“COVID-19 has brought about a new age for the construction industry,” says Yann Dreyer, global practice group leader for construction in the global energy and construction team at Allianz Global Corporate & Specialty in a new report. “While construction projects continued during the pandemic, the overall environment has changed fundamentally. The industry faces new challenges around supply chain volatility and spiking material costs, skilled workforce shortages and the heightened focus on sustainability. In addition, the accelerated deployment of cost-cutting strategies and implementation of new technologies and designs may well result in accelerated risks for construction companies and insurers alike. Continued risk monitoring and management controls will be key moving forward.”

According to the report, the expected construction boom brings specific challenges and benefits. Surges in demand could put supply chains under additional pressure and intensify existing shortages of materials and skilled labor. An analysis by AGCS shows design defects and poor workmanship are among the leading causes of construction and engineering losses, accounting for around 20% of the value of almost 30,000 industry claims examined between 2016 and the end of 2020.

Concerning modular construction, AGCS suggests this process comes with its share of advantages and disadvantages. Positive outcomes include controlled factory-based quality management, less construction waste, a construction timeline cut in half compared to traditional methods and reduced disruption to the surrounding environment. Negatively, modular construction raises concerns about repetitive loss scenarios. “There is an increased risk of serial losses with modular and prefabricated methods as the same part could be used across several projects before a fault is discovered,” says Olivier Daussin, construction underwriting lead in AGCS’s global energy and construction team.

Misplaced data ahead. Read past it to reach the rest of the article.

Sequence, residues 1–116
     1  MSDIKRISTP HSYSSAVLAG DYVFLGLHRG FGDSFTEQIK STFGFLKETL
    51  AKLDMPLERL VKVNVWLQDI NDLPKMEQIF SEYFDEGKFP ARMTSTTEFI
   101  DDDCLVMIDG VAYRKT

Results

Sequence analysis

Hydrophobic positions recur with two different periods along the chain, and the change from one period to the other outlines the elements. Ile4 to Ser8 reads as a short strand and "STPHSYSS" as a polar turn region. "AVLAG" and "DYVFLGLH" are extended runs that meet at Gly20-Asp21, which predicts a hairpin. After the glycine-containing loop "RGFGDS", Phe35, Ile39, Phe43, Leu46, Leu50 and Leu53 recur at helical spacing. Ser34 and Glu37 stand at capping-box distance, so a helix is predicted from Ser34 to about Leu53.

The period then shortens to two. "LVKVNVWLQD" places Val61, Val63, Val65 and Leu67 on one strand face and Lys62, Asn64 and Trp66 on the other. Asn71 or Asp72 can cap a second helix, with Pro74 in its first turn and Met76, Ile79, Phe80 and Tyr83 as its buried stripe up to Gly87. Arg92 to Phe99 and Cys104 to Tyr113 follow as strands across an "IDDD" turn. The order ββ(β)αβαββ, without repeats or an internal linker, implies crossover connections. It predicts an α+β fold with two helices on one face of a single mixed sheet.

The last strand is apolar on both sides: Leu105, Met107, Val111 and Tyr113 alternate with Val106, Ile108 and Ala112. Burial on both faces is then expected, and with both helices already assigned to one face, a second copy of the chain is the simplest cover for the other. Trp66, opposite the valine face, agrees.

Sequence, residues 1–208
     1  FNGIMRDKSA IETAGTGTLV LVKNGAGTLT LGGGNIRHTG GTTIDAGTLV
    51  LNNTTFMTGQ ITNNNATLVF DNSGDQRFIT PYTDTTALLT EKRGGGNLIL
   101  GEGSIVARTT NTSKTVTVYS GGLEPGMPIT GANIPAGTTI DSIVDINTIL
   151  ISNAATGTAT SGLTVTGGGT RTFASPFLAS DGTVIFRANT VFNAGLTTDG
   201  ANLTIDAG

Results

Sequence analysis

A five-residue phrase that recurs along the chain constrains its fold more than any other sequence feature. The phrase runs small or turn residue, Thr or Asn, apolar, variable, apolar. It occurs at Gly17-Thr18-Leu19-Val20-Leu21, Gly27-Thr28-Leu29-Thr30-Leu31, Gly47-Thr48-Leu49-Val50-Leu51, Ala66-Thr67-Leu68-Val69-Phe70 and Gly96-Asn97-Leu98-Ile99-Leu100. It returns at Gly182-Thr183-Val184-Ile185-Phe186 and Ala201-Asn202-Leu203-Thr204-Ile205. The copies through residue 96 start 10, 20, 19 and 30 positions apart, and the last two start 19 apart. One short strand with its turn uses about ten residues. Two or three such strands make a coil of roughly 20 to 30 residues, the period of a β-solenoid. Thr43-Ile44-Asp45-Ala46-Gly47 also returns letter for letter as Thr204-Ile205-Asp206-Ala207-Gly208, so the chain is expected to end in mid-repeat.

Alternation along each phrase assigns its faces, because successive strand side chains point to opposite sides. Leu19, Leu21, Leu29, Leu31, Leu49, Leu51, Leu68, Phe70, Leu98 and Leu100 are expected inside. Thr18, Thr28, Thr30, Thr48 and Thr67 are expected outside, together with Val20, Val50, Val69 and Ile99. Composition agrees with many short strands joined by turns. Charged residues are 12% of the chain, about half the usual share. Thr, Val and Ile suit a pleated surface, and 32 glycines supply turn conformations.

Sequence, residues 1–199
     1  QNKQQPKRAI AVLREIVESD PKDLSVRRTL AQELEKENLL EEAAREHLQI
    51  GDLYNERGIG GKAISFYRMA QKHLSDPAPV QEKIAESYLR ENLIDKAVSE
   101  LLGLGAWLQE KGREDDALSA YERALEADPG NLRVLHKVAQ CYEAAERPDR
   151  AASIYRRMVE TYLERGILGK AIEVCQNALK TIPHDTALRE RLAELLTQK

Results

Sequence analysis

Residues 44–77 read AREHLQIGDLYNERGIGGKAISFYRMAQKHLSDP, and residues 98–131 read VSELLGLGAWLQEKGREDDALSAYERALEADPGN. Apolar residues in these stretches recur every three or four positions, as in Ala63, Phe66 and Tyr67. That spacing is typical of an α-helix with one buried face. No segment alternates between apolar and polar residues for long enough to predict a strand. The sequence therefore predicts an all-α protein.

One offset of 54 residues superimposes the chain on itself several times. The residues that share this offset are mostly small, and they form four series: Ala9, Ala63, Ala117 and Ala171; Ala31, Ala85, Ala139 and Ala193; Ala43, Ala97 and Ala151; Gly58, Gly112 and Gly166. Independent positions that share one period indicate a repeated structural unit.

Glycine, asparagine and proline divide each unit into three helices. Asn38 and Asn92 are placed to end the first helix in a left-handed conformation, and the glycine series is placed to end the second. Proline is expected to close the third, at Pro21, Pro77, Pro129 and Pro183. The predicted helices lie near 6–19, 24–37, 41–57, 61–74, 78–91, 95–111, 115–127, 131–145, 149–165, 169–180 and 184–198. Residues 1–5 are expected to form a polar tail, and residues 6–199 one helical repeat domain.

Enhanced sustainability and net-zero focus will influence the construction sector’s traditional risk landscape. The report references a release from the UN Environment Programme, which states buildings and the construction industry account for 38% of all energy-related carbon dioxide emissions. Existing buildings will need to be refurbished and repurposed to cut carbon emissions. Additionally, new materials and construction methods will need to be introduced across the market, introducing a risk of defects, safety concerns, environmental or health consequences.

AGCS’s report states “the need to reduce greenhouse gas emissions will not only drive a more sustainable approach to residential and commercial buildings as well as infrastructure but may also hasten the trend as the industry looks to achieve efficiencies and minimize waste.”.